Today, Cheshire cheese remains one of the most loved and iconic types of cheese in the world. It is a symbol of England's rich cheese-making history, a beloved flavor and amazing versatility. Though the production of Cheshire cheese has changed little over the years, its popularity and ability to inspire the imagination of the people remain ever-present. No matter where you are in the world, Cheshire cheese will always hold a special place in the hearts of cheese-lovers.
The Journey of Cheshire Cheese from Dairy Farm to Dinner Plate
The journey of Cheshire cheese from a dairy farm to dinner plate is an intricate process where quality is prized over quantity. Cheshire cheese, renowned for its creamy, mildly acidic flavor, has been a popular cheese for centuries. This cheese, made from cow’s milk, requires a precise combination of techniques and ingredients – plus plenty of patience – to create a cheese of superior quality. Here’s a detailed look at how Cheshire cheese is crafted and its journey from a dairy farm to a dinner plate.
Every Cheshire cheese begins at a dairy farm. As soon as cows are milked, the milk must be cooled quickly and efficiently. This is because the temperature of the milk affects the quality of the cheese. If the milk is too hot, it will take on an undesirable taste. So pasteurization often takes place to make sure the milk is safe and of the right temperature.
Once the milk is cooled, it’s ready to be combined with a setting agent and acid. The setting agent helps give the cheese its shape and texture and is typically calcium chloride, which helps the cheese to congeal. Natural acid, such as vinegar or lemon juice, is then added to give the cheese its characteristic flavor.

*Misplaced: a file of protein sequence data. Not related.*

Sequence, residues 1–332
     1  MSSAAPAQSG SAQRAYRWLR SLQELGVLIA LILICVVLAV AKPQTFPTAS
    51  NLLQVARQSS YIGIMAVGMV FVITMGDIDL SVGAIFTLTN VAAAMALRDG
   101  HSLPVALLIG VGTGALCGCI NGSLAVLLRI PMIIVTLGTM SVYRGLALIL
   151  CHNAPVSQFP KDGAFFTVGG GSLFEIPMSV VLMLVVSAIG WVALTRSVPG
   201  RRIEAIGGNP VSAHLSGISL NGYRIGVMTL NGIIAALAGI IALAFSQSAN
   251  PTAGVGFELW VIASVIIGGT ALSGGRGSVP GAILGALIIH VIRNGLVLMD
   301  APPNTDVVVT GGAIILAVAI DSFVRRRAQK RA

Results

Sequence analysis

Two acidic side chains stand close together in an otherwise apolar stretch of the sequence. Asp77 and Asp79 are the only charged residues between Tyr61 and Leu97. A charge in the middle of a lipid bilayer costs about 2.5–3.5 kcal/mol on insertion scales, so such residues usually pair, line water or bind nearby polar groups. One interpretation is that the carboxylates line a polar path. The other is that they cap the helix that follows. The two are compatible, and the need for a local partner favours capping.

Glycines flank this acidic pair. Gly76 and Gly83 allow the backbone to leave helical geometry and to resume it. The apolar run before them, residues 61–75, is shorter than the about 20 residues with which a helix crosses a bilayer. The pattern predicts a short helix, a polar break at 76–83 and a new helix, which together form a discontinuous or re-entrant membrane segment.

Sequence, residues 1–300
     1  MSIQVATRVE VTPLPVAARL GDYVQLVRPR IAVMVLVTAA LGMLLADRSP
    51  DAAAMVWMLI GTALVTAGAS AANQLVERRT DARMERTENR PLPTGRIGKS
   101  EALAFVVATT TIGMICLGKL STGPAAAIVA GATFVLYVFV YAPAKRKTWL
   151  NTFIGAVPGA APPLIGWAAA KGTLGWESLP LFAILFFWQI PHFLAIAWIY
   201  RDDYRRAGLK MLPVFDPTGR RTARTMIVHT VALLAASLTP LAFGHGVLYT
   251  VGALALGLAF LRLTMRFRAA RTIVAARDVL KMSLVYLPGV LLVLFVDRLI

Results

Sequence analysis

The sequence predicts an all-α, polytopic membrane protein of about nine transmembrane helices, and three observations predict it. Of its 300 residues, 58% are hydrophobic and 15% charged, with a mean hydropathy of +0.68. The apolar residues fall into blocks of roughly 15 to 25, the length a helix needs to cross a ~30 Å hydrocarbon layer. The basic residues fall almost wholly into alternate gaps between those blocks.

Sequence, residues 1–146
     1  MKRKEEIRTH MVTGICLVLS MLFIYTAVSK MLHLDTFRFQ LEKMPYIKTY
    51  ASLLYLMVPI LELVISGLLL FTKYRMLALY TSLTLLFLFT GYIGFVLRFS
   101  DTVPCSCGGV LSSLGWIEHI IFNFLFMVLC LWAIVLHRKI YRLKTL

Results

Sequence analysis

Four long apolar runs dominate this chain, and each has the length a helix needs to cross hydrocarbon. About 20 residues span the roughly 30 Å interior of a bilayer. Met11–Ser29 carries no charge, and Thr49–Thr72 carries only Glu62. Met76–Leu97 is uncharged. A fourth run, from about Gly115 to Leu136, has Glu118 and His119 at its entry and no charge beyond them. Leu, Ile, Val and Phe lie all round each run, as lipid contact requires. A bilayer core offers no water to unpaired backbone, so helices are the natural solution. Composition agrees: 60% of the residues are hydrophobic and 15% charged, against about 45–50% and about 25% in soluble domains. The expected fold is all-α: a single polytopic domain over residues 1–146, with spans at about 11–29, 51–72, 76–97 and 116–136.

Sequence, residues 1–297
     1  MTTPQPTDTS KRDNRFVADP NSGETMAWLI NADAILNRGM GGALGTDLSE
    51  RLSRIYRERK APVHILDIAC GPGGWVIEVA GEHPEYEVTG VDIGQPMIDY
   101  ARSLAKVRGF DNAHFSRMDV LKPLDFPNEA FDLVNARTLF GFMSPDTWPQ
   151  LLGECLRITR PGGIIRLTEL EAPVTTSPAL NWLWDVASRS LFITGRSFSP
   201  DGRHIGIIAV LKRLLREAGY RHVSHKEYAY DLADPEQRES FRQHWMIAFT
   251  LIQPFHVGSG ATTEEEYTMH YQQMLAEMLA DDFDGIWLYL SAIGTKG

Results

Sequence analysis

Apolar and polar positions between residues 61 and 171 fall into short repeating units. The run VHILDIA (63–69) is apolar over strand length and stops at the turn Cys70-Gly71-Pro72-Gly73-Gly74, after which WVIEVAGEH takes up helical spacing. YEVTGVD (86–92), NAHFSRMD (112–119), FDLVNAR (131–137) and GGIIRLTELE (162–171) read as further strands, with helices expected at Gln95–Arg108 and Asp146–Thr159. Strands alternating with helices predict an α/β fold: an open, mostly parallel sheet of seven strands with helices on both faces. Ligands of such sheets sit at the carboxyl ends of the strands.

Once the setting agent and acid have been added, it’s time to cut the curds. This helps separate the curds from the whey and ensures that all the curds are of the same size. The curds are then left to drain and mature in special cheddaring troughs for a few days. The cheddaring process gives Cheshire cheese its distinctive, crumbly texture.
Once the cheese has aged, it’s ready for shaping. At this stage, a cheese-maker turns the block of cheese over by hand, similar to kneading dough. This kneading process helps the cheese form a wheel. The wheel is then pressed in a wheel-press to give it its shape. The wheel is then ready to be soaked the brine bath. Brining is an important step in creating a Cheshire cheese, as it helps give the cheese its characteristic flavor and texture. It’s also at this stage that most cheesemakers choose to add a unique flavor or coloring to the cheese.